NOSE ABNORMALITIES

Flat Nose (lat Profile)

A flat profile is a known marker for a chromosomal abnormality (trisomy 21) in the second trimester.22-25

One of the main advantages of 3D ultrasound technologyis the ability to provide the operator with a true median plane of the face, using the multiplanar mode.1 After identification of the precise profile in the multiplanar mode, several fetal measurements can be performed to confirm a flat profile.24,26 A frontal fetal facial angle of >145° identified in the second trimester should raise suspicion for trisomy 21.24

A flat face can also be demonstrated with the surface mode from a lateral view (Fig. 10).

Every flat profile requires a targeted ultrasound examination with a diligent search for additional anomalies, and fetal karyotyping should be performed.

Absent Nasal Bone

Missing ossification of the two bilateral nasal bones is a further marker for trisomy 21.27,28

3D ultrasound allows the identification of an absent nasal bone in both the multiplanar and the transparent mode (Fig. 11).

Fig. 10: Surface view of a fetus with trisomy 21, showing a flat profile (34 weeks’ gestation)

Fig. 11: Absent nasal bone in trisomy 21(O). Transparent side view (16 weeks’ gestation)

ABNORMALITIES OF THE MOUTH

Cleft lip/Cleft Palate

Orofacial clefts are one of the most common congenital anomalies. The group of orofacial anomalies is heterogeneous. It comprises “typical” orofacial clefts [cleft lip (CL), cleft lip and cleft palate (CLP) and cleft palate only (CP)], as well as “atypical” clefts (median, transversal, oblique and other Tessier facial clefts).29

Both typical and atypical clefts can occur as an isolated anomaly, as part of a sequence of the primary defect, or as multiple congenital anomalies.29 More than 300 syndromes are associated with facial clefting. The most common chromosomal aberrations with orofacial clefts are trisomy 13, trisomy 18 and trisomy 21.29,30 Cleft lip and cleft palate can be unilateral, bilateral or median.

The ultrasound demonstration of different cleft lips is most successful in the surface mode (Fig 12).31 The detection of cleft palate is more difficult, particularly in the presence of an isolated cleft palate. Several 3D techniques have been described for the detection of cleft palate.1,32-35 The defect can be demonstrated in different modes: the multiplanar mode, tomographic mode, surface mode, and Omniview/VCR mode.35 The defect is most readily demonstrated when the fetus is yawning and the oral cavity is filled with amniotic fluid (Fig. 13).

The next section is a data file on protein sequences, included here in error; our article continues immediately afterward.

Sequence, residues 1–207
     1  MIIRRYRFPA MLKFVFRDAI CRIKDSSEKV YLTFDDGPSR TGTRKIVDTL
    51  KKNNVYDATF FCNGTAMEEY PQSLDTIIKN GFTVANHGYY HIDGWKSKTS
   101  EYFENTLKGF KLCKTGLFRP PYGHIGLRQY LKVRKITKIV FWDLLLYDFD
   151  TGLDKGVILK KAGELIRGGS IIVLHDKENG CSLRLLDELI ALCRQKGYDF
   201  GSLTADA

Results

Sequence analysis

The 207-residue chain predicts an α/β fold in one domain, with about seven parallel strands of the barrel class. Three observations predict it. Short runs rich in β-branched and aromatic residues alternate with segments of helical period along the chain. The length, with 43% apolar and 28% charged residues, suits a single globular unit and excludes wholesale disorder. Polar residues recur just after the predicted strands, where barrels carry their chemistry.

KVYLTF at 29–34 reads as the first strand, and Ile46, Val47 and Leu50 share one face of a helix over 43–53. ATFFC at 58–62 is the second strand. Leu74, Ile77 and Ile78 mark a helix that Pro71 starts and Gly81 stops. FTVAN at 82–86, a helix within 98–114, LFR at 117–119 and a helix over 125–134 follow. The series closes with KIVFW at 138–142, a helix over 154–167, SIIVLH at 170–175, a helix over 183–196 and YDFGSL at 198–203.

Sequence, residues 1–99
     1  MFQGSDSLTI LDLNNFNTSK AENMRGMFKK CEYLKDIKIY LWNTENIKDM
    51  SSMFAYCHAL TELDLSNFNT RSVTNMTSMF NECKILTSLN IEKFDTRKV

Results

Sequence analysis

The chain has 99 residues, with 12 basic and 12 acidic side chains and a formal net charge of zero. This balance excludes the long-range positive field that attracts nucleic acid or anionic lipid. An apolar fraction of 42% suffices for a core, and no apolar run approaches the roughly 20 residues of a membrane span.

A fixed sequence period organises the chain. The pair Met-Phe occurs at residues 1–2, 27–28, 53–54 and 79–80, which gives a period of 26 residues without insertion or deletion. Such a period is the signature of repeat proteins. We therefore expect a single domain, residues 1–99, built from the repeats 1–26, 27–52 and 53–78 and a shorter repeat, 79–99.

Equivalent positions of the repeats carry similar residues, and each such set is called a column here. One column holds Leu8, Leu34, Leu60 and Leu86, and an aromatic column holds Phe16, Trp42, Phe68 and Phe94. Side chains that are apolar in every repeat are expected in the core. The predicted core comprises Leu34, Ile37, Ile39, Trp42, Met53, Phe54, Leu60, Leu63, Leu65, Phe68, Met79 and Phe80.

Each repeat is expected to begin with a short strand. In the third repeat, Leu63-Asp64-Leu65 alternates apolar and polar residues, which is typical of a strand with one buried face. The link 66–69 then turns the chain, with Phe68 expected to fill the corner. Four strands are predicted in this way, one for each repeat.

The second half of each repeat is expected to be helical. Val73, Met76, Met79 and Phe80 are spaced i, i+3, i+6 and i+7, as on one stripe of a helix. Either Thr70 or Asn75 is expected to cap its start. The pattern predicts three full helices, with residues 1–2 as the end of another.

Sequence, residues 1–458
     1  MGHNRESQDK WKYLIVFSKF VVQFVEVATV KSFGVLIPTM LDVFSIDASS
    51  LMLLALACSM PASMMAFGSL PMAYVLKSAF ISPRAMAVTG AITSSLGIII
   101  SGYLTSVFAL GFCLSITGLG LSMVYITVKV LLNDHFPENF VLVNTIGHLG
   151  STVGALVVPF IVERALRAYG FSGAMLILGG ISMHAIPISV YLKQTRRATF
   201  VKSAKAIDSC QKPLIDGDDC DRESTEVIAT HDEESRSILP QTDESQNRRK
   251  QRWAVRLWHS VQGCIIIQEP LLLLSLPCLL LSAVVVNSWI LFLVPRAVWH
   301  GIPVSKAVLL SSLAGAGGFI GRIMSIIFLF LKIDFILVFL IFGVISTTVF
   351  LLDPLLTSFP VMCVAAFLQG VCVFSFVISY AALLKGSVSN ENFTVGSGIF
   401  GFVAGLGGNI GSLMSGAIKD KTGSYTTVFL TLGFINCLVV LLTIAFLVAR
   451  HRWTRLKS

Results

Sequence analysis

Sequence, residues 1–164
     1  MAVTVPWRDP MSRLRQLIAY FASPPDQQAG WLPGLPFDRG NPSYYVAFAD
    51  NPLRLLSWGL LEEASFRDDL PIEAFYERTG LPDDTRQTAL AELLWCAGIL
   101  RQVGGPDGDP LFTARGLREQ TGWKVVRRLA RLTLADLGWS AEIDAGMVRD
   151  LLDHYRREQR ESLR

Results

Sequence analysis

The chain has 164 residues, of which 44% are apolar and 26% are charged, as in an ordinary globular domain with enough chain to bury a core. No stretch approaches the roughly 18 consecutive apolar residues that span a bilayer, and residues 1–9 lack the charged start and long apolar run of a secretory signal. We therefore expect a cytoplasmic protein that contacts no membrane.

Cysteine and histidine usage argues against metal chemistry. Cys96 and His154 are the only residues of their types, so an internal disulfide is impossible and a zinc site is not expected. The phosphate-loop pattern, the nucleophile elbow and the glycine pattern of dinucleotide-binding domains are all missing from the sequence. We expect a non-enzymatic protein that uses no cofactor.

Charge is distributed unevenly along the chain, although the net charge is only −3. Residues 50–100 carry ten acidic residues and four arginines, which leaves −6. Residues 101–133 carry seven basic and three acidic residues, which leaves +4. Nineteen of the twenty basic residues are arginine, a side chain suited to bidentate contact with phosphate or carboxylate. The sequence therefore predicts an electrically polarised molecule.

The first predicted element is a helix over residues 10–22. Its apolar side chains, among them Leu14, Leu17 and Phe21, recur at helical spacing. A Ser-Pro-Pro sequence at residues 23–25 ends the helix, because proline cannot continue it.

Fetal karyotyping is recommended with a view to the risk for a chromosomal abnormality.

Epignathus

Epignathus is a rare type of teratoma arising in the oral cavity. In most cases, it is a benign tumor. However, it is associated with high mortality and morbidity rates because of severe airway obstruction and other malformations.36 Rare malignant cases have also been described in the literature.37

Figs 12A to C: Surface views (HDlive) of different cleft lip. (A) cleft lip right (30 weeks’ gestation); (B) Cleft lip left (29 weeks’ gestation);

  • Bilateral cleft lip (25 weeks’ gestation)

The 3D surface mode shows a solid tumor in front of the fetal mouth (Fig. 14).

Macroglossia

Macroglossia is a disorder characterized by an abnormal enlargement of the tongue. It may occur as an isolated and sporadic trait, as a familial trait, or in association with Beckwith-Wiedemann syndrome38 or Down syndrome.39 Ultrasound demonstration of macroglossia is best achieved in the surface mode and demonstrates an enlarged tongue in the open mouth (Fig. 15).

Chin Anomaly

Micrognathia/Retrognathia

Both micrognathia and retrognathia involve abnormal, arrested development of the mandible. Micrognathia refers to the size of the mandible whereas retrognathia refers to its position in relation to the maxilla (Paladini).40 Micrognathia is frequently associated with a number of different syndromes, skeletal and neuromuscular diseases, as well as with chromosome anomalies (primarily trisomy 18).39-41

Fig. 13: Tomographic demonstration of a yawning fetus with cleft palate (34 weeks’ gestation). The parallel sagittal planes of the face reveal a central defect of the palate (à)

Fig. 14: Surface view of an epignathus arising as a solid mass from the oral cavity (22 weeks’ gestation)

Fig. 15: Macroglossia in a fetus with trisomy 21 (27 weeks’ gestation). The surface rendered image shows permanently open mouth with protruding enlarged tongue

Fig. 16: Micrognathia at 24 weeks’ gestation. The lateral surface representation shows small mandible

The sonographic diagnosis can be made on a subjective or objective basis. The subjective diagnosis is carried out by evaluating the midsagittal view of the facial profile and by assessing the geometric relationship between the mandible and the rest of the profile (Fig. 16). For an objective diagnosis, both the inferior facial angle (IFA)42 and the jaw index43 are used.

When micro-/retrognathia is detected, a detailed search for additional fetal abnormalities and fetal karyotyping is required.

CONCLUSION

3D ultrasonography allows a comprehensive evaluation of the fetal face with different display modes. In contrast to 2D ultrasound, 3D ultrasound enables a detailed demonstration of the soft tissue of the fetal face and thus contributes to a better understanding of the malformation by both the physician and the future parents.31